Ahem, excuse me, but the police are going to raise 1.2 billion zloty from speeding tickets? Jesus H Murphy.

Recent data said there were 18 million cars. Though this doesn't include trucks and buses, it would mean some 67 zloty per car in speeding tickets just in 2012. Let's say with trucks and buses some 50 zloty a head.

But babcias tend not to drive overly fast. There are also more and more less experienced drivers who follow the "drive defensively" rule. I thus have the feeling speeders -- little old me, perhaps -- will be stumping up a little more than others for this one.

Boy oh boy am I happy to be ready to help Poland meets its budget deficit goals when a secretary at a mining company can retire at 35, farmers don't pay health-care, social security or taxes, and the government drives the latest BMWs.

Wednesday, January 04, 2012

Prescription for change

Be careful of what you wish for. I urged the government to bust a gut and get cracking. The good news is they did. The bad news is that it has been a disaster.

The new year brought with it joy for all (I'm sure) but also far-reaching changes to the way the government refunds prescription drugs. Doctors are now obliged to say which drugs are refunded and by how much. If a patient turns out not to have public health coverage, then the doctors are liable.

Doctors are not happy about bearing responsibility for what appears to be a bureaucratic decision. Instead of saying how much a prescription should be refunded, they are stamping them with a statement that the decision is up to the National Health Fund (NFZ).

So, a poor patient gets the prescription for some life-saving drug, gets the NFZ stamped version and goes to the pharmacy. The pharmacist doesn't know whether any refund will be honoured with such a stamp since it technically violates the law. Some pharmacists are thus refusing to give any refund in case they are liable one day.

Leaving aside controversial changes to the prescription drug refund list, the above basically sums up the problem. As always, who gets screwed in the end? We patients.

How do you know something in Poland is important? Prime Minister Donald Tusk holds a press conference.

Tusk met doctors on Wednesday and later announced that room for a compromise existed. Though he was sure to blame the whole mess on doctors, noting there would be no problemo if doctors had followed the law, he said he would work toward suspending any potential fines for drug refunds until a national insurance system was up and running. . .

. . . Erm, wait. There's no such system already? You wanted doctors to vouch for a patients' insurance coverage even though there's no national registry or easily searchable database. Hmmm. Maybe this could have been done first.

Monday, January 02, 2012

Get to work!

No more lollygagging. No more dragging your heels. No more saying you can't do anything because the president is bad or the opposition is bleh or there's a crisis. No more excuses. The moment of truth is at hand.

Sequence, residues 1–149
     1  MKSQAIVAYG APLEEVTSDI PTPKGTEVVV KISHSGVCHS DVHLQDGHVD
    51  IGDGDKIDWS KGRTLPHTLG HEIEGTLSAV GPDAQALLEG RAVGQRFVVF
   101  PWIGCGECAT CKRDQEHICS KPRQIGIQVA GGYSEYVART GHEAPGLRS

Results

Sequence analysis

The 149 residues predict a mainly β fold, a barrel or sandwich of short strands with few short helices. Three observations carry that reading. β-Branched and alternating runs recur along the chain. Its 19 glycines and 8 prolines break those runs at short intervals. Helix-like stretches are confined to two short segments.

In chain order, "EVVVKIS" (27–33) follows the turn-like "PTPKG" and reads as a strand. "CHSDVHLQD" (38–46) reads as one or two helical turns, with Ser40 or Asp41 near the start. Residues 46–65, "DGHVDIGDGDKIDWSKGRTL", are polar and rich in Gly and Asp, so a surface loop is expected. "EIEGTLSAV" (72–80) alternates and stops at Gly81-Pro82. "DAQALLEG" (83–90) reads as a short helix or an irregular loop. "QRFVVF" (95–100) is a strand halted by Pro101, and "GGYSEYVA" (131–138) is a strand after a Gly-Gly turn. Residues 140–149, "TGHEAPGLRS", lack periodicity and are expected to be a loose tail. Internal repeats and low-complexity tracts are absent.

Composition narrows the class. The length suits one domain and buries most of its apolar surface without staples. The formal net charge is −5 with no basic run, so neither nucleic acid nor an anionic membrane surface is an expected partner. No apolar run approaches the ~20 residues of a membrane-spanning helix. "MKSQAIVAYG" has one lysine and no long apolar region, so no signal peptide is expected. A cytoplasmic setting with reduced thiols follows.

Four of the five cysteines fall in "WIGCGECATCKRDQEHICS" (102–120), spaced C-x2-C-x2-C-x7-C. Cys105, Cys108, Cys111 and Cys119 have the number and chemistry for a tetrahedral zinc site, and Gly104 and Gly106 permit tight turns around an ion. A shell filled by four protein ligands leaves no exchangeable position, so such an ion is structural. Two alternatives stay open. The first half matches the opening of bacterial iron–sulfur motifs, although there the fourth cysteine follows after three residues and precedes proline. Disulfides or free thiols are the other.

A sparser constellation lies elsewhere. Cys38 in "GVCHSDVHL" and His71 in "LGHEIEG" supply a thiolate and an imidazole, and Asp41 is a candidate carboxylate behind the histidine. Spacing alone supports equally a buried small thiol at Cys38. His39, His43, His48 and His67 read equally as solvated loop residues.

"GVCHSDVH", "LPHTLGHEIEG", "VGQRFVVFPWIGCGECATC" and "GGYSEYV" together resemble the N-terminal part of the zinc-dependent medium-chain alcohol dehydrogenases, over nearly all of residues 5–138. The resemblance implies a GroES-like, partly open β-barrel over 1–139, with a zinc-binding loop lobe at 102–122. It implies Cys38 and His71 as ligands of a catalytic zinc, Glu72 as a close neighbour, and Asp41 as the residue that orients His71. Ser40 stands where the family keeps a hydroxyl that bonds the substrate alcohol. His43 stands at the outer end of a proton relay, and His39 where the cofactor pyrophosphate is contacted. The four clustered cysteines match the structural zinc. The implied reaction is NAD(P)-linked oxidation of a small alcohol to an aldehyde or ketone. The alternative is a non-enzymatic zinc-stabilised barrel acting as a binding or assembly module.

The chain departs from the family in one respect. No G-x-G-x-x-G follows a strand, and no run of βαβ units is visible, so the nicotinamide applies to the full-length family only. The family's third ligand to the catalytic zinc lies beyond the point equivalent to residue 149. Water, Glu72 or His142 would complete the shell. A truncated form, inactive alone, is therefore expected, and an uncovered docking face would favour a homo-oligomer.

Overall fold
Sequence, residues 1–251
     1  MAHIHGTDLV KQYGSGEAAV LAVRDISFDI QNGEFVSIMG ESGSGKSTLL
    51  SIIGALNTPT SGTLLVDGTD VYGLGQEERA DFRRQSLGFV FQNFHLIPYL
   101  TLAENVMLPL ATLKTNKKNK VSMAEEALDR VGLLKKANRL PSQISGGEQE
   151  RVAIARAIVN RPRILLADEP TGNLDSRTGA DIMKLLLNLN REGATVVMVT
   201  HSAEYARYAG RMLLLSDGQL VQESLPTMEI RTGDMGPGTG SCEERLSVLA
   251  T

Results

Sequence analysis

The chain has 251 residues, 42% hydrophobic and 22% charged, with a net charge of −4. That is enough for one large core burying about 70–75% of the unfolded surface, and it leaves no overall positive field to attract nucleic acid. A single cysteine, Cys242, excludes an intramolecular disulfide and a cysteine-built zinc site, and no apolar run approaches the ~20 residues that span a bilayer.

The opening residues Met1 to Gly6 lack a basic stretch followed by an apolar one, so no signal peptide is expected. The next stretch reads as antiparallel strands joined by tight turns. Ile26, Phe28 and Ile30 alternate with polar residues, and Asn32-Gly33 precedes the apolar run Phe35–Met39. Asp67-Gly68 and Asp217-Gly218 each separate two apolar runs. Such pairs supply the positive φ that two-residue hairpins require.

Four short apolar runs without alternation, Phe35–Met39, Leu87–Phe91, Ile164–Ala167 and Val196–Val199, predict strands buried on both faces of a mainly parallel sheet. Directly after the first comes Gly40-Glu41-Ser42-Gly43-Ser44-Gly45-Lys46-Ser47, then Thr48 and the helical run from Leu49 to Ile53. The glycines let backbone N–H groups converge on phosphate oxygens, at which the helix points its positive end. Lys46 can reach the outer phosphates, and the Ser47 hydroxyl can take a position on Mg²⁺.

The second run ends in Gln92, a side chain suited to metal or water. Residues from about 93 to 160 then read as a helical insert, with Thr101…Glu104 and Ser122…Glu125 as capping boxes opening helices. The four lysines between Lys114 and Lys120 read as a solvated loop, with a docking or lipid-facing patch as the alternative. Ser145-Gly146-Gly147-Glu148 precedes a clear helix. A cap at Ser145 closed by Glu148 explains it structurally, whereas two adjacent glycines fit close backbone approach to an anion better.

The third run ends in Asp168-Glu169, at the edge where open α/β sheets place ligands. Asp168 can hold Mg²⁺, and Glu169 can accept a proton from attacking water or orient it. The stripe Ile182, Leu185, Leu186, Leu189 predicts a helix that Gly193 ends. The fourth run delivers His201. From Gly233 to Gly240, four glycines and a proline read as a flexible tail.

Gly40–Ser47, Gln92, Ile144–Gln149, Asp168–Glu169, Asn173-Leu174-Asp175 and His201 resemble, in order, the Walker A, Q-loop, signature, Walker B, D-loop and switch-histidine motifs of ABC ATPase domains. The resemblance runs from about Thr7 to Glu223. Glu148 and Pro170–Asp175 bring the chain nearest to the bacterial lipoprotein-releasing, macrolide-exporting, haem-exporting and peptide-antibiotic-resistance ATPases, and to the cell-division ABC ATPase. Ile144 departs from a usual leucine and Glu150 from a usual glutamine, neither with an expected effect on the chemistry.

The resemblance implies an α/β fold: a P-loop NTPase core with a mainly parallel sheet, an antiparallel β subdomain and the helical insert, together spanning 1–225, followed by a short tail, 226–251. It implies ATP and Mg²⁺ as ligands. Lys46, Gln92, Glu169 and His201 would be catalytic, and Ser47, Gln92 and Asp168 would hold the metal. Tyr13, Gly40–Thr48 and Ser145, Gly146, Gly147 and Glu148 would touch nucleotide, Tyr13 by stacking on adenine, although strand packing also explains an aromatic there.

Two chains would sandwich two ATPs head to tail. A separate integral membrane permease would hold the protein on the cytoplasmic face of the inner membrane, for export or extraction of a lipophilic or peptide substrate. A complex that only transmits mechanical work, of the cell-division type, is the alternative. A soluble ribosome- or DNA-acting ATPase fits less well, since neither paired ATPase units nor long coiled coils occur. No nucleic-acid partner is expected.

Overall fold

For the senior ruling Civic Platform (PO) it is crunch time. Prime Minister Donald Tusk appears to understand this. His plan for the next four years laid out in mid-November comprises an ambitious agenda that would address a lot of economic and fiscal problems, both short- and long-dated ones. It deserves praise and indeed got it.

But how can one not raise the question of execution risk. Or, how can one believe a government that found a lot of reasons to not do anything in the preceding four years and precious few arguments for doing something.
The next three months will in fact already provide a good measure of whether Tusk's promises will be more than paper tigers and will help Poland become a Central European eagle.

In a just approved government plan, January is to start a busy first three months. The government will kick off with taxing copper and silver mining and then change the way the 9mn or so pensions are indexed. For February and March, the government wants to change tax breaks to effectively increase the tax burden, limit the free-spending ways of local governments, limit baby payment eligibility, limit early retirement eligibility for soldiers and police, and raise the retirement age to 67 from 65 for men and to 67 from 60 for women.

Some progress has already been made. Already in December the government increased the amount employers must pay for their employees' disability contribution by 2 percentage points in a bid to raise some 6-7 billion zlotys.

The European Union economy remains on the precipice regardless of the fact we have all enjoyed a couple week break. The global economy's prospects are tough. Consumer and broad sentiment is grim. In such bleak times, reform strength and stamina could be the difference between buying in and selling off. So, I say to the government, get to work.

...After a famine of Poland X posts in December, I pledge to also, er, get to work ...Happy New Year all.